A slow cooker, also known as a crockpot, is the most forgiving when it comes to cooking time. This set-and-forget method will give you thoroughly cooked chicken to the point where the meat would fall off the bone.
For the medium-sized bird, prepare it as you would when roasting it in the oven, then place it in the large-size slow cooker. Cover and cook on the “Low” setting for 6 to 8 hours or the “High” setting for 4 to 5 hours.
Once done, check the doneness by using the discussed method above.
Read Also: Is It Safe To Leave Slow Cooker On Overnight?
2. Cook Chicken With The Sous Vide Method
Sous vide cooking technique (“under vacuum” in French) is a slow, long and gentle way to perfectly cook your chicken every time. This is the perfect balance between undercooked and overcooked meat.
Using this method, you will need sous vide appliance, a large container for water in which the food is placed in a sealed plastic bag, and then cook it in hot water at a very precise temperature.
To sous vide a medium-sized whole chicken, season it to your taste as you would when roasting it in the oven. Then place it in the large vacuum-sealed cooking bag. Preheat the sous vide machine to (148°F (64°C) and cook for 6 hours in hot water.
Once cooked, remove the chicken from the bag, place it on the oven tray and brush with melted butter. Put it on the top rack of your oven and broil it on High for 4-10 minutes for a golden brown finish.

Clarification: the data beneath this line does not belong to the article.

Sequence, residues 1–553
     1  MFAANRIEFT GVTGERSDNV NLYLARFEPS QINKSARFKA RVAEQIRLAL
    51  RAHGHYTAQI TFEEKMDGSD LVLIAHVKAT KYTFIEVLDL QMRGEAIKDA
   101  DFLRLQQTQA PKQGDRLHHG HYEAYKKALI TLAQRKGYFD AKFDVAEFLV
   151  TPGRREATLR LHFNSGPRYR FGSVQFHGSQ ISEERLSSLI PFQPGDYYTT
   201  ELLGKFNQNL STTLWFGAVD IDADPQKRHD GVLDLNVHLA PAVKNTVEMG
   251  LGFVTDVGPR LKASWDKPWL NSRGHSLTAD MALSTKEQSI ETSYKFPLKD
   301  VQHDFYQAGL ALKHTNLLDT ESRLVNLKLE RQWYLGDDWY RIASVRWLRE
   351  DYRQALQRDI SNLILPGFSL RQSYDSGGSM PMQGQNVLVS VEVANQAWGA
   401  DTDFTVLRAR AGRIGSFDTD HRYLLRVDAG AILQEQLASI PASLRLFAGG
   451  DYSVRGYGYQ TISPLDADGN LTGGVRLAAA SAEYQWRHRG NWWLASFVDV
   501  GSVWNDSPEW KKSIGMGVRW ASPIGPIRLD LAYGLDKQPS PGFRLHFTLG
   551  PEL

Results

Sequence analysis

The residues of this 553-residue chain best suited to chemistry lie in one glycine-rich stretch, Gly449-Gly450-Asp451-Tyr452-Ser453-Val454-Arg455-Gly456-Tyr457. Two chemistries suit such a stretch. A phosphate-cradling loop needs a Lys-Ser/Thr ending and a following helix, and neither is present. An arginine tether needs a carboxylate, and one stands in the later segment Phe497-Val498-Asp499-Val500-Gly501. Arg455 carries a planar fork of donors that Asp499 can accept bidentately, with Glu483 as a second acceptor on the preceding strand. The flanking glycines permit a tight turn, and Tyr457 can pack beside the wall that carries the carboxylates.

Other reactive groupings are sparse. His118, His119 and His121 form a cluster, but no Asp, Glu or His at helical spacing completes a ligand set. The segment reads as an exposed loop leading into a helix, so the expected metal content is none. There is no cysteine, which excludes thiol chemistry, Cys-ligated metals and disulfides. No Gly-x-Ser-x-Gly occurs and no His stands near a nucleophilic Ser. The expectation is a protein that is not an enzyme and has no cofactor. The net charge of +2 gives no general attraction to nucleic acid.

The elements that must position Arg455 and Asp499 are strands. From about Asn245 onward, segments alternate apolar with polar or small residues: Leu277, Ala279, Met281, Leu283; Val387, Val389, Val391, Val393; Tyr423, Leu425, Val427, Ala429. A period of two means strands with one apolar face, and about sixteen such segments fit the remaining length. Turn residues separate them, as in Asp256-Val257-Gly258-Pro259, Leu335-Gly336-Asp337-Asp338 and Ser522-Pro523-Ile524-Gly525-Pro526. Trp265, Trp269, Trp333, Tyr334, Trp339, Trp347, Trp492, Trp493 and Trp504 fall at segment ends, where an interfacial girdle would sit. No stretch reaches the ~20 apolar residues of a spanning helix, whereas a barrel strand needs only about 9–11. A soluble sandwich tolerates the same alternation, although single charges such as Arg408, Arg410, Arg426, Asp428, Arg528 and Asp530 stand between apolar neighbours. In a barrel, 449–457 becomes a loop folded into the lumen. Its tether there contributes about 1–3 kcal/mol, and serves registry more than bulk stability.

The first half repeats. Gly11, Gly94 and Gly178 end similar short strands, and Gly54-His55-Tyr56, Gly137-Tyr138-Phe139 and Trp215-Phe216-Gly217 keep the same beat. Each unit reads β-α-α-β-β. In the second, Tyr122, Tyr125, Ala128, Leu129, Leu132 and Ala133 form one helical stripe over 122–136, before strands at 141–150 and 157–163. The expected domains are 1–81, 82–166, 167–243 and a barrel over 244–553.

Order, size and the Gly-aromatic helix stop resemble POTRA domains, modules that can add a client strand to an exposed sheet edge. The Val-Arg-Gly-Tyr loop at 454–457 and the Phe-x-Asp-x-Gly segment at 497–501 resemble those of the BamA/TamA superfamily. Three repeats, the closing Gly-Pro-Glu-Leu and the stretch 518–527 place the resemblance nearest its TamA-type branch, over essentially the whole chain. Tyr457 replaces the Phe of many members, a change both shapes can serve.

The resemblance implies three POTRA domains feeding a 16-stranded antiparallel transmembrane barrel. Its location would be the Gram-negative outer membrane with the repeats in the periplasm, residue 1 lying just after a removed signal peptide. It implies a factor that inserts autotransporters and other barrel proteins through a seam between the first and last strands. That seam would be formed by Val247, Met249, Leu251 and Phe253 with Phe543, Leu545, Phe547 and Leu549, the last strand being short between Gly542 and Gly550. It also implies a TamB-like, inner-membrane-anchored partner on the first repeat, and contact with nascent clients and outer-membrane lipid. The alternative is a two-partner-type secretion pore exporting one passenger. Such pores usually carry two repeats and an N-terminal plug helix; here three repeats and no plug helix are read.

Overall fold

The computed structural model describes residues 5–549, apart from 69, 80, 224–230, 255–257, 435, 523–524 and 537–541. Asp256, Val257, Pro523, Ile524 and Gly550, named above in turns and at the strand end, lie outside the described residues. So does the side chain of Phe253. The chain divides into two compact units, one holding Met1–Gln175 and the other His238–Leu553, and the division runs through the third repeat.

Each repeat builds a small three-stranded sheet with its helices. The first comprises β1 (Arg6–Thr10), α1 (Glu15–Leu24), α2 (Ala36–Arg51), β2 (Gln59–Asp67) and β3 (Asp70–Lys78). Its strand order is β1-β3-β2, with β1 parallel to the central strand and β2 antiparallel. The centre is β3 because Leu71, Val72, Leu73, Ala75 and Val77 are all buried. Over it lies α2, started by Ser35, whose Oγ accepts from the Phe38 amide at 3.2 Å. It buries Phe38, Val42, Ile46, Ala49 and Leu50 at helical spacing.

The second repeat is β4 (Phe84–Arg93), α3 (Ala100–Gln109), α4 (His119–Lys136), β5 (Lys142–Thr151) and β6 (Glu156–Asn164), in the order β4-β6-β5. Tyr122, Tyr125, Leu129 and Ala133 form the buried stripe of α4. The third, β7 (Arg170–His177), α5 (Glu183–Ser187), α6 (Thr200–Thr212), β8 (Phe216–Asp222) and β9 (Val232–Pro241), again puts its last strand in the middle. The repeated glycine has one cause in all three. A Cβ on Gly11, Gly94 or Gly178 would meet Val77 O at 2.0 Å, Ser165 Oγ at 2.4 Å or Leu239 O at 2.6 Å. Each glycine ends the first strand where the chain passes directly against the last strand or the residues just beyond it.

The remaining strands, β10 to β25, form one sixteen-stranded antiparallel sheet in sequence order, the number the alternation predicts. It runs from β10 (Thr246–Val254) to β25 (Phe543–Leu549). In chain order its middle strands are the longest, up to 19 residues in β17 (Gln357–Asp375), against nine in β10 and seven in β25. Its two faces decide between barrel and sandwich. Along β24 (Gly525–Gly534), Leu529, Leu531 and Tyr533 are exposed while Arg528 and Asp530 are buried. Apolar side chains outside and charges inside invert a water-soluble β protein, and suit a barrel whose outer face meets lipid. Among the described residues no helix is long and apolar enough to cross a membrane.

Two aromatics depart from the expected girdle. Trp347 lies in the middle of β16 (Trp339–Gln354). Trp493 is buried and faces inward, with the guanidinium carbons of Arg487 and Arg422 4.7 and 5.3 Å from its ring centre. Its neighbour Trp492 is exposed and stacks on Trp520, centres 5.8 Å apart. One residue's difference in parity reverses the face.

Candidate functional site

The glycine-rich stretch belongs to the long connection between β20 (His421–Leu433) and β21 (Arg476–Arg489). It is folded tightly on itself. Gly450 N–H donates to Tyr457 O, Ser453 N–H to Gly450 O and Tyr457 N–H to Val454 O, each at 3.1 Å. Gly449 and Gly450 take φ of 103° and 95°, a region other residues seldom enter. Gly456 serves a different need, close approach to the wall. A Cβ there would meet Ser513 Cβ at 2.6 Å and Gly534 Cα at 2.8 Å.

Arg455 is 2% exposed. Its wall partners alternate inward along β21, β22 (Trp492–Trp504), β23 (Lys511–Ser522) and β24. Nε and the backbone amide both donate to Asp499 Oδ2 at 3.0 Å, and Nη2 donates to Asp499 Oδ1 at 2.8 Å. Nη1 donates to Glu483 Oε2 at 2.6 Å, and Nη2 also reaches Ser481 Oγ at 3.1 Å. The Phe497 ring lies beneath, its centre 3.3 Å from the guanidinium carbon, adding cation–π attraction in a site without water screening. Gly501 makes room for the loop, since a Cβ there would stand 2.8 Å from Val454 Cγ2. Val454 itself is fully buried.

3. Spatchcock or Butterfly Your Chicken
Although the above techniques will give you a perfectly cooked chicken without much worry, you do need a lot of extra equipment to accomplish these. So if you don’t want to buy a Sous vide thermal immersion circulator machine, a vacuum sealer, or a slow cooker, don’t worry.
You will only need your oven and some elbow grease for this cooking technique.
To butterfly or spatchcock your chicken means removing the backbone, cutting it half horizontally but not all the way, and then opening it like a book, laying it flat in the roasting tray. Doing so will allow the poultry more quickly and more evenly.
To cook medium-sized butterflied chicken, preheat the oven to (400°F (205°C), and season to your taste. Roast the chicken in the preheated oven for about 50 minutes until juices run clear, and the meat is white and cooked texture as described above.
Butterflying or spatchcocking is also recommended for Sous Vide cooking technique I described previously.
Read Also: How To Poach Chicken For Chicken Salad (Succulently Tasty).
If you don’t have a food thermometer, you can tell if the chicken is done by its juices, the texture, and the color of the meat. You can also use the finger method or the joint test. To ensure that your poultry gets perfectly cooked every time use a slow cooker or sous-vide cooking method.